The name of the Tobacco Hornworm Moth partially stems from its caterpillar form. The green bodied, chubby, hairless caterpillar has a reddish-brown horn-like projection at the end of it. It also has black and white diagonal stripes on both sides, each ending with an eyespot. While these caterpillars do eat tobacco plants, they also attack the foliage of potato and tomato plants. They are considered huge pests in agricultural and backyard garden communities. They have voracious appetites and can lay waste to healthy tomato plants in just a few days, devouring leaves and stems with ease.
The head of the caterpillar is rounded with the mouth underneath. It does not need to make large, sweeping movements in order to chew down a leaf. The tail end of the caterpillar, by contrast, is quite active, frequently dabbing stems and branches, often leaving deposits of green feces. This behavior may trick predators into believing that it is the head. Losing a bit of flesh on the back end might not mean imminent death for the caterpillar. The spiky projection on that end may aid in thwarting attacks by a bird or small mammal.
Tobacco Hornworms, as the caterpillars are called, resemble Tomato Hornworms. Both caterpillars are hairless and green with horns at their rear. The Tobacco Hornworm, however, has seven white diagonal stripes while the Tomato Hornworm has eight white V-shaped stripes. The caterpillars are often used by certain species of wasps as food for their young. Female wasps lay white eggs that look like large grains of rice on the backs of the helpless caterpillar. These eggs hold wasp pupae that will feed on the living caterpillar, slowly killing it as they grow and develop.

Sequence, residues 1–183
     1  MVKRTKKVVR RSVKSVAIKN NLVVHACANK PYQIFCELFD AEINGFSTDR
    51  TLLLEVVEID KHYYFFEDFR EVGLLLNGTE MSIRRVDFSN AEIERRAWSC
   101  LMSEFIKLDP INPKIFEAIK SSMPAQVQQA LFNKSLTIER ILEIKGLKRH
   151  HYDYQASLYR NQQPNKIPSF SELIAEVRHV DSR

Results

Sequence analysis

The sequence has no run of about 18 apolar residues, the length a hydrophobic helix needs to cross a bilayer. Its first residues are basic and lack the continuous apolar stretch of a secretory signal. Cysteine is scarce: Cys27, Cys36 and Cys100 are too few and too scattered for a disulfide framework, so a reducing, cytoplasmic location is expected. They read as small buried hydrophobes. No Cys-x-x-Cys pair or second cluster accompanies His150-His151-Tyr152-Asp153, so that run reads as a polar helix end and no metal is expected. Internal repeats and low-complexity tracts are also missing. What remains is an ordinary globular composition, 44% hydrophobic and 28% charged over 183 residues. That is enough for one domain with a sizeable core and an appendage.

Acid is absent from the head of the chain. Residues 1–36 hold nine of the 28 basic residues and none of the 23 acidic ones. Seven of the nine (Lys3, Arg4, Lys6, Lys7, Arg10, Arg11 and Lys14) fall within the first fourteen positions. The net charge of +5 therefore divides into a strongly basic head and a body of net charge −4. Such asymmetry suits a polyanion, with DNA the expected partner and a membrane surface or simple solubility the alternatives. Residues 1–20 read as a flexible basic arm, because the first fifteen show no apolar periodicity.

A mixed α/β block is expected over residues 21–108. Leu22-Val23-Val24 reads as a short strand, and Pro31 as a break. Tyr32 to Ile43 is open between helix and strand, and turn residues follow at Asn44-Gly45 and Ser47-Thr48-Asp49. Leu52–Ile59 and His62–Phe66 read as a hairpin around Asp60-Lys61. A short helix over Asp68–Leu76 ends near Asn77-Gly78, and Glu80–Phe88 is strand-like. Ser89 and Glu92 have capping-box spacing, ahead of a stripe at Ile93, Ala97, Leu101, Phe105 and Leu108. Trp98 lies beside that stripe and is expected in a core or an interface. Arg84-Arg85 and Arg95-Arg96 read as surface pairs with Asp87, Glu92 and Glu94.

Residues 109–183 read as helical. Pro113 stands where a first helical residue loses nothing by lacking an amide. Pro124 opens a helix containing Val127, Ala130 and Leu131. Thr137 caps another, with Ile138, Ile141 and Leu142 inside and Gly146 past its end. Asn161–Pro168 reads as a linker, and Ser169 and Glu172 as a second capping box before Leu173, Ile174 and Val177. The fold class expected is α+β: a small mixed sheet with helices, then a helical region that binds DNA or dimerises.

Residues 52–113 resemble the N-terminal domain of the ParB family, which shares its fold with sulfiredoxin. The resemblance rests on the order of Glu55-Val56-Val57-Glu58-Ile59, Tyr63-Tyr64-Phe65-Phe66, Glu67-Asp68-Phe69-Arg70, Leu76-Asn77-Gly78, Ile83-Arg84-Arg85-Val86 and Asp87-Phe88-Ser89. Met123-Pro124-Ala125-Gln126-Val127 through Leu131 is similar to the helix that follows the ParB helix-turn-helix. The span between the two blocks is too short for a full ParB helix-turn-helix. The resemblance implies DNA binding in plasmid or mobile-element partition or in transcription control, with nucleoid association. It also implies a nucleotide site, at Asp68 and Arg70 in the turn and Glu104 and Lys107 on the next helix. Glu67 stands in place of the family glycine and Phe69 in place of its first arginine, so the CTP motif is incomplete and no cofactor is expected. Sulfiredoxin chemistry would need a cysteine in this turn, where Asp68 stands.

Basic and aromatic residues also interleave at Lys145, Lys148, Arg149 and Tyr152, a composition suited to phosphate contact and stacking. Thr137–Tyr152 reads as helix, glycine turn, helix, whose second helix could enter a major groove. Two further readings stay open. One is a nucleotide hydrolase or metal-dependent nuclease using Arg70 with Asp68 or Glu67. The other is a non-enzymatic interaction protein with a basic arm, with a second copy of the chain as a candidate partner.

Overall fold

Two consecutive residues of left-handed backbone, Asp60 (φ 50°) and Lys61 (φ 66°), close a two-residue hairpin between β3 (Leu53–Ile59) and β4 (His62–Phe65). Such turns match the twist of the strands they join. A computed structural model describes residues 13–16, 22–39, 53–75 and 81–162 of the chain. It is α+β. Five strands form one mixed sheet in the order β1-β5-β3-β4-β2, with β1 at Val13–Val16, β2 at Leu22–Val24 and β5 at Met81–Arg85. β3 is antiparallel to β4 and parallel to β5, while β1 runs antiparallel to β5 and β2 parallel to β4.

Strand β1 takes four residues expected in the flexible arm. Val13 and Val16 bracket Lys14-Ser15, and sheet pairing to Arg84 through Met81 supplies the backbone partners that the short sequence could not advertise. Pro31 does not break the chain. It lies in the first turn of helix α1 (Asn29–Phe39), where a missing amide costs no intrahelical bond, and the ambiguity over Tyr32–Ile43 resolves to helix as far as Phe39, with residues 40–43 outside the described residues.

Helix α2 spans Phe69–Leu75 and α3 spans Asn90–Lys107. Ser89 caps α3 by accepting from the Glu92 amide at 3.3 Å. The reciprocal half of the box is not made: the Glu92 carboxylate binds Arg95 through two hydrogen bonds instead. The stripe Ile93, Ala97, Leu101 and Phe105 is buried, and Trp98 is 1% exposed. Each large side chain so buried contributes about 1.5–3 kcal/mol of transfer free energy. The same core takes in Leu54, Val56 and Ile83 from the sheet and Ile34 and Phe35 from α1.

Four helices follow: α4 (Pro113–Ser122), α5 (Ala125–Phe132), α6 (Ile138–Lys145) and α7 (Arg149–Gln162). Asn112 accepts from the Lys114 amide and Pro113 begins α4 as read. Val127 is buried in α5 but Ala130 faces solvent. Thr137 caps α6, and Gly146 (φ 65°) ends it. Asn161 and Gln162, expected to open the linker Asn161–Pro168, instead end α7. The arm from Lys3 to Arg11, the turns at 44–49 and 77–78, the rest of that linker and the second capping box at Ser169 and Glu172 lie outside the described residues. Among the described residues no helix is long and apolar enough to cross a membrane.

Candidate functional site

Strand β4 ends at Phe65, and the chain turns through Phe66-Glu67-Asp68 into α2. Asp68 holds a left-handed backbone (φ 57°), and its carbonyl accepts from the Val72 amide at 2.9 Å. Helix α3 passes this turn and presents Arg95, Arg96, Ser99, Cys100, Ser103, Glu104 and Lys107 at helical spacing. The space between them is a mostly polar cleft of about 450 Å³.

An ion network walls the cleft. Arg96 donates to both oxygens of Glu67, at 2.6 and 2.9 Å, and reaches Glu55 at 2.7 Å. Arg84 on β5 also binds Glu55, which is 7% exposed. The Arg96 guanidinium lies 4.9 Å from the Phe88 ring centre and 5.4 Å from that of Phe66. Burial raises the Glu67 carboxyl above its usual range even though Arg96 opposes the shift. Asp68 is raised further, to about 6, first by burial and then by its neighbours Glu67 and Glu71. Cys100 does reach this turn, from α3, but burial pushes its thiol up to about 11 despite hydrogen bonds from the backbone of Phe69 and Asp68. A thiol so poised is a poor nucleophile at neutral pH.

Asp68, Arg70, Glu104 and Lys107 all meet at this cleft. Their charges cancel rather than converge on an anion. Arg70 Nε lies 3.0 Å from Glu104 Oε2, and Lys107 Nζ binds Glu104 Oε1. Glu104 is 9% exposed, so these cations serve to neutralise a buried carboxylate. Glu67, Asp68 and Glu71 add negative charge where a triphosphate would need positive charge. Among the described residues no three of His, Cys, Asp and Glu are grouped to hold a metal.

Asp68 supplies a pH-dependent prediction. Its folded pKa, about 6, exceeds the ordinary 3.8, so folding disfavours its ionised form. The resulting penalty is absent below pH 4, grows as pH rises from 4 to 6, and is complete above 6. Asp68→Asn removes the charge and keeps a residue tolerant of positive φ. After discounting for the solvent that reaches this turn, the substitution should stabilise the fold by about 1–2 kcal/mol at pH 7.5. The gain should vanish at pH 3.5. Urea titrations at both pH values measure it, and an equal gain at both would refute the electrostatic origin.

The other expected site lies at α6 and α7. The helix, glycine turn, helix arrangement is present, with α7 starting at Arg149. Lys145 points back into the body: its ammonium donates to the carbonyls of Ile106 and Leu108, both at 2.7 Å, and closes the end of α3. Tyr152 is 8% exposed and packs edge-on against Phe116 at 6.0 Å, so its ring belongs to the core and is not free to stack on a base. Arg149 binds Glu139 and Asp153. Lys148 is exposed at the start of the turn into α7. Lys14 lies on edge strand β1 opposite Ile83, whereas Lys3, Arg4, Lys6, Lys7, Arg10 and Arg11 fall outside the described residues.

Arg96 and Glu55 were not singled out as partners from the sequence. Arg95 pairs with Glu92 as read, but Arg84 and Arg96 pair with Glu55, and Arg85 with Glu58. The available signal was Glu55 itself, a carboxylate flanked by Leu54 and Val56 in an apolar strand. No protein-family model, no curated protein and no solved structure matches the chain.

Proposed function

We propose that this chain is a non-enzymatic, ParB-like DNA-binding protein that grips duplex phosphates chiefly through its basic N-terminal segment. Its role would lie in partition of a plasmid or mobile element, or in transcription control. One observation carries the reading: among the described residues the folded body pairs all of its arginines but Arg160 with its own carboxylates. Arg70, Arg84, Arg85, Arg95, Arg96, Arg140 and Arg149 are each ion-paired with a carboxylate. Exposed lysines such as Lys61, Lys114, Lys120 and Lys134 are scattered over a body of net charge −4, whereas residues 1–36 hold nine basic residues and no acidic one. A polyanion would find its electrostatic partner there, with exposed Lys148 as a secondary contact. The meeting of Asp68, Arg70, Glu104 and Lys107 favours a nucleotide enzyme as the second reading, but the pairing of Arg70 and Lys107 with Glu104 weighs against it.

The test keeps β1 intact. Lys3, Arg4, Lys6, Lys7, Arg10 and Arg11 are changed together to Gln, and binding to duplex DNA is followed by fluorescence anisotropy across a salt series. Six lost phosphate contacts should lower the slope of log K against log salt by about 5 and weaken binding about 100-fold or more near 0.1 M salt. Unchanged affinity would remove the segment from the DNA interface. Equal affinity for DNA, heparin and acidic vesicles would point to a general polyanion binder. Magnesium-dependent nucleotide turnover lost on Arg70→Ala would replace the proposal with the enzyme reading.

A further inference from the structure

Note: The above text is EXCLUSIVE to the site www.InsectIdentification.org. It is the product of hours of research and work made possible with the help of contributors, educators, and topic specialists. If you happen upon this text anywhere else on the internet or in print, please let us know at InsectIdentification AT gmail DOT com so that we may take appropriate action against the offender / offending site and continue to protect this original work.
* MAP NOTES: The territorial heat map above showcases (in red) the states and territories of North America where the Tobacco Hornworm Moth may be found (but is not limited to). This sort of data is useful when attempting to see concentrations of particular species across the continent as well as revealing possible migratory patterns over a species' given lifespan. Some insects are naturally confined by environment, weather, mating habits, food resources and the like while others see widespread expansion across most, or all, of North America. States/Territories shown above are a general indicator of areas inhabited by the Tobacco Hornworm Moth. Insects generally go where they please, typically driven by diet, environmental changes, and / or mating habits.